One big worry for NATO logistics planners in Afghanistan is that as the drawdown date nears, remaining forces will start to commit “commercial fratricide,” the unintentional competition for scarce resources.

There are only so many C-17 aircraft available, and even fewer An-124s, for which there are also commercial pressures. If everyone wants to start major movements of equipment in 2013, with 80-90% moved by mid-2014, there is a high likelihood that there will be common calls for these assets. Countries without heavy-lift capabilities are anxious about whether the U.S. Air Force will have spare C-5s or C-17s, particularly given that the NATO C-17 fleet will be working near capacity.

The same is true for local ground transportation assets inside Afghanistan. There are only so many reliable transport companies, and their services will be at a premium. The end of ISAF's mission means this will be one last income opportunity for many Afghan contractors.

The fratricide concept affects other areas, too. One standard assumption for most ISAF countries is that they can “donate” or “gift” equipment to Afghan forces. For example, the RDTF transferred 13 of its 81 Patria armored vehicles to Estonian forces, while Bushmaster and Patria armored vehicles and Mercedes-Benz all-terrain vehicles were taken over by the Dutch police training mission, which has since ended.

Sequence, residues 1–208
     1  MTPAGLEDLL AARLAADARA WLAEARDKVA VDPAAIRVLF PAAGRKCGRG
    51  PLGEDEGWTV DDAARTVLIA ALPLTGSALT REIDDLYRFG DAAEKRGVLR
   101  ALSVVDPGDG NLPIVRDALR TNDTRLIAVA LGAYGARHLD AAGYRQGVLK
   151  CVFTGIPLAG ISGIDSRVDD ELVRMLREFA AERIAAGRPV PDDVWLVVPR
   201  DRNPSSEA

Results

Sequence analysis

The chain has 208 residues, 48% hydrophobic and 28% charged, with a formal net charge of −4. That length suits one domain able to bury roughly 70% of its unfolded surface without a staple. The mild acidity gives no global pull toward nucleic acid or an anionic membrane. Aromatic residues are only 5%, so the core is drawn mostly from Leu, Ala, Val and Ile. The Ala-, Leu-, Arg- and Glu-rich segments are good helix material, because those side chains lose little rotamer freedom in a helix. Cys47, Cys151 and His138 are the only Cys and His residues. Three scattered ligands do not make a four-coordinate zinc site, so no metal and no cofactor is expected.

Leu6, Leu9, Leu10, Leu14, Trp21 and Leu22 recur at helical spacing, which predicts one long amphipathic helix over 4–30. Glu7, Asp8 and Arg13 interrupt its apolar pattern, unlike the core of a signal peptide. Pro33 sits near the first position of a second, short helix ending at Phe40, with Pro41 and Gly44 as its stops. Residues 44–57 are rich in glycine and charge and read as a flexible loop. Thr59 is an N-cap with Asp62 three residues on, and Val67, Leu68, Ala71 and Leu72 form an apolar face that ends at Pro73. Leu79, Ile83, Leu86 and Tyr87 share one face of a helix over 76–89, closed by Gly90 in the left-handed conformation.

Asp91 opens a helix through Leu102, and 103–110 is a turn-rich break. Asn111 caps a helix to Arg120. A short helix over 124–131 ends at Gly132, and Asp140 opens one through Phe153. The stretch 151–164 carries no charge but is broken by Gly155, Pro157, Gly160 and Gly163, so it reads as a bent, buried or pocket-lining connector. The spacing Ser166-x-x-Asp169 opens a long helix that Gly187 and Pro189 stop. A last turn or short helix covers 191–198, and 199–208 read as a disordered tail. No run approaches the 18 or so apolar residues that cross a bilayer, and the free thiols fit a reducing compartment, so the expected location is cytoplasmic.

However, if all forces are donating equipment, the market becomes bloated with surplus, and recipients may be choosy about what they accept.

One issue to consider for non-U.S. contingents is that a massive amount of new equipment has been supplied by the U.S. to Afghan forces, so used materiel from other ISAF countries is far less attractive. The probability that there will be a lack of long-term support for equipment maintenance after the drawdown also reduces the luster of equipment gifts for the Afghan government.

EDITOR'S NOTE: Nicholas Fiorenza in Brussels and Christina Mackenzie in Paris both contributed to this report. Their contribution was not mentioned in the print edition.

Tap the icon in the digital edition of AW&ST for an interactive view of some of the challenges to be expected in the Afghan drawdown, or go to